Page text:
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January 24, 2004

Teacher aims to help deaf/hard-of-hearing

From: Mankato Free Press - Jan 24, 2004

Ann Vaubel will spend six weeks in Philadelphia learning about ear device

By Bob Fenske Free Press Staff Writer

MANKATO — Ann Vaubel looked at all the particulars and could only come to one conclusion: She had to get to Philadelphia.

And that's exactly where the Mankato Area Public Schools deaf/hard-of-hearing teacher is these days, learning about cochlear implants and how to teach students with the hearing-giving devices.

"I'm at the age where I can actually do something like this," Vaubel said with a laugh. "Our kids are in college, the district has been very supportive, and it's going to make me a better teacher. At least, that's my hope."

Vaubel's caseload in the special education department includes students ranging from babies to sixth-graders. Most of her students are classified as hard of hearing, but she does have students with cochlear implants, devices that produce hearing sensations by electrically stimulating inner ear nerves.

Working with students with cochlear implants is vastly different than working with students without the implants or who are hard of hearing.

"I have this little 9-month-old baby now, and I think that was part of the trigger: I really want to do right by this child," Vaubel said. "And then I heard about this program and I thought, 'I have to at least try.'"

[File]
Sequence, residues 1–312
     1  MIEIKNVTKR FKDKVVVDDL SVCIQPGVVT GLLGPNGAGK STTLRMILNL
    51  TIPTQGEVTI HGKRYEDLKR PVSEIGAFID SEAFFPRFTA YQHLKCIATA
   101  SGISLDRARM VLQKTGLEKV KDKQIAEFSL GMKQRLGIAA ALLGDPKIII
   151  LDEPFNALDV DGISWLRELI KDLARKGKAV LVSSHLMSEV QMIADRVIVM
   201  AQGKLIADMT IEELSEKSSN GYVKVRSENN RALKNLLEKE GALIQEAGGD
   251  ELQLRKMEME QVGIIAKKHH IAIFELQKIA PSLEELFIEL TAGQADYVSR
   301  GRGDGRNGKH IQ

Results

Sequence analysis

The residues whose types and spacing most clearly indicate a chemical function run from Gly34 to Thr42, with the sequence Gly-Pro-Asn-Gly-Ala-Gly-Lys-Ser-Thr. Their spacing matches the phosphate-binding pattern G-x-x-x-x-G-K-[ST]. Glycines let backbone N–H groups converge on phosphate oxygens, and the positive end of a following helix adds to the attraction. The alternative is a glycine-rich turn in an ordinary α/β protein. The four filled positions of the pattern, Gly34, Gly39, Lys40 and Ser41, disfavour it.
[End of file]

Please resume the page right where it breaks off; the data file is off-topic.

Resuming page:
Getting into the Children's Hospital of Philadelphia program, however, was no easy feat. First, it's a competitive program that offers workshops to eight teachers twice a year. Second, it meant Vaubel would miss six weeks of the school year.

"Finding people in Ann's discipline isn't always easy," said John Klaber, Mankato's director of special education, "but when Ann came to us with this, we really felt like with cochlears being the wave of the future, we could get ahead of the curve."

So Vaubel took a six-week leave, the district found replacements and the teacher left for Philadelphia Monday, the day after the city's football team lost in its bid for a Super Bowl berth.

"Obviously, it's not a junket," Klaber joked. "Seriously, one of the things I wrote in Ann's recommendation letter is that when we have an opportunity like this, we look at it as a regional type of thing. She'll be a great resource for her students, our district and south-central and southwestern Minnesota."

Vaubel, meanwhile, is looking forward to working with other teachers in the program. They include instructors from Alaska, Oklahoma, Oregon and New Jersey.

"Just to have that time to bounce ideas off of each other is really priceless," she said. "What works, what didn't work, why didn't it work, how can it work ... I mean that alone would make this worth it."

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